How to Lease Equipment
Needs of every business keep changing due to changing customer preferences and a dynamic business environment. As a result, it is not optimal for many businesses to keep spending money on capital purchases that come in the form of equipment. Moreover, businesses may want to test waters in new areas, so spending large amounts of money for equipment is not a viable business idea. In the case of startups, they are unlikely to have funding for large capital outlays. To overcome these problems, many businesses prefer to lease equipment from third-party leasing companies for a fee.
Research the Equipment You Need
The first step is to determine what equipment your business needs and for how long. Spend time and do a thorough research of the available pieces of equipment in the market, and what out of these, will your business need. This is an important step as it could determine the very future of your business, so it is a good idea to put the most knowledgeable people on this assignment. This is also a good time to evaluate whether you are better off leasing or purchasing a piece of equipment.
TIP: 1) Read through latest journals and use the Internet extensively. Interviews with industry giants can also help.
2) Browse through latest reports from research firms to get accurate future trends in your industry.
3) Spend adequate time on this step as it is vital for your business.
Checklists: Equipment Lease, Leasing vs Purchasing, Equipment Inventory List, Purchasing Used Vehicles.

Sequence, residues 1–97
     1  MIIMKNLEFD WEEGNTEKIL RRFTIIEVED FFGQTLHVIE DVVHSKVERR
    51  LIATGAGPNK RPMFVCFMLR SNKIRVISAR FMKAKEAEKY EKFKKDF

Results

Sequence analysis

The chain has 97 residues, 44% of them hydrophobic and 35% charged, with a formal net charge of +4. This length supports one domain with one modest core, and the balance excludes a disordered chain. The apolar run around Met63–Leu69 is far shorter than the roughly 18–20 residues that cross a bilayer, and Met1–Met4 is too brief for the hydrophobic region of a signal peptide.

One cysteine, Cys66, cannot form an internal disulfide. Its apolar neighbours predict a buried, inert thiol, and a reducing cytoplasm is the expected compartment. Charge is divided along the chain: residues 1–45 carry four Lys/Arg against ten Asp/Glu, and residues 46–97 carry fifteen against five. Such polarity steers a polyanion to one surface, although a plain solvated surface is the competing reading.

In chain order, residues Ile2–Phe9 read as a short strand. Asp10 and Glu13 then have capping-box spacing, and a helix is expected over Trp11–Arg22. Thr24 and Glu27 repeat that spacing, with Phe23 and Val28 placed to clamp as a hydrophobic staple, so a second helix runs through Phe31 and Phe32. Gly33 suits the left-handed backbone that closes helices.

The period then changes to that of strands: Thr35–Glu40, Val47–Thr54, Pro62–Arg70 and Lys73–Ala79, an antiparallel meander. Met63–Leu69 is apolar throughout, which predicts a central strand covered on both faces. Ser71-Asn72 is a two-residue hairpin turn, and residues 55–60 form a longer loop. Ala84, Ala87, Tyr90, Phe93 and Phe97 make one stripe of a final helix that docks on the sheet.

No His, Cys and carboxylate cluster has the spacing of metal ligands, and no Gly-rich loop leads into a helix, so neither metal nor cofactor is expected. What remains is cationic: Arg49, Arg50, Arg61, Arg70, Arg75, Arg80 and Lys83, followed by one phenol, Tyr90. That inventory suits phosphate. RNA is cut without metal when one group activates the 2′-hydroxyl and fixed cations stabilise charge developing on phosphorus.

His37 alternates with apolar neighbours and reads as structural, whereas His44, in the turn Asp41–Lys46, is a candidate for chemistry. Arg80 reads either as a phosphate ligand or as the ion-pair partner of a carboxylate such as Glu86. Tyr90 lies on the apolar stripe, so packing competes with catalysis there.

Understand Lease Types
There are many types of leases such as operating lease, capital lease, master lease, skip lease, step-up lease and sale leaseback. Understand these types of leases before determining what is best for you. Each type of lease comes with its own pros and cons, so do a thorough study to determine the best lease for your business.
TIPS: 1) Look for industry trends in leasing type.
2) Understand the implications of each lease type for your business.
Get Quotes for Leasing
Once you have worked out the details, get quotes from different companies that lease the type of equipment you are looking for. The more leasing companies you choose the better for you as you are likely to get better terms and conditions.
TIP: It is a good idea to get reference from companies that sell such equipment as they can point you in the right direction. Use your judgement on how many companies you want to get quotes from.
Correspondence: Cover Letter for Cost Quote, Request for Price Quote.
Checklists: Price Quotations Comparison.
Choose Your Leasing Partner
After you receive quotes from different leasing companies, thoroughly read through the quotes and make your own calculations before you decide on the best bid. Compare the cost of leasing with the cost of buying the equipment to get an idea of how much you will save. Moreover, visit the leasing company to see the equipment first-hand if both you and the leasing company are located in the same city. This visit will give you a better idea of how the equipment looks and what is the best price for its condition.
TIPS: 1) Compare different quotes to identify the best deal.
2) Never take the calculations of the leasing company blindly. Instead, make your own calculations to get an idea of the charges of lease.
Spreadsheets: Price Quotations Comparison.
Sign the Leasing Agreement
Get in touch with the company that won the bid and sign an agreement that would allow you to lease their equipment. Make sure that this agreement contains the terms of the lease including the duration and the cost. The agreement should also contain details regarding transportation, repair, damages, and any other information that you think is pertinent to the lease. Many companies tend to levy penalties if the equipment is not returned within time, so make sure you go over that as well. Also, sign other pertinent documents as the license to use and others that are relevant for your business.
TIP: 1) Negotiate on the agreement to get the best deal.
2) Before signing the lease, make a checklist of the possible questions that you want to ask the leasing company.
3) Understand the terms and conditions before signing the agreement.